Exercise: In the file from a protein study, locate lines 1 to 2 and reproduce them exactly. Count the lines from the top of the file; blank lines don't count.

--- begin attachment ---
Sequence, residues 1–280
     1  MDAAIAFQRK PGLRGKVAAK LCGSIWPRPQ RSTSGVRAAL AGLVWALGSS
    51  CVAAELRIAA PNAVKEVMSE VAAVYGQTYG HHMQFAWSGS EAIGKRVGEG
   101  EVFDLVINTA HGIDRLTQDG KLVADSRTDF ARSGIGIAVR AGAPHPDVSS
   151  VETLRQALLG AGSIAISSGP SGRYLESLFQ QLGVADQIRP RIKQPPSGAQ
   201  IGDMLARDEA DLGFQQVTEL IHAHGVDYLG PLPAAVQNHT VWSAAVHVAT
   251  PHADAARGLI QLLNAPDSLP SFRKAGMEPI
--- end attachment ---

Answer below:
Sequence, residues 1–280
     1  MDAAIAFQRK PGLRGKVAAK LCGSIWPRPQ RSTSGVRAAL AGLVWALGSS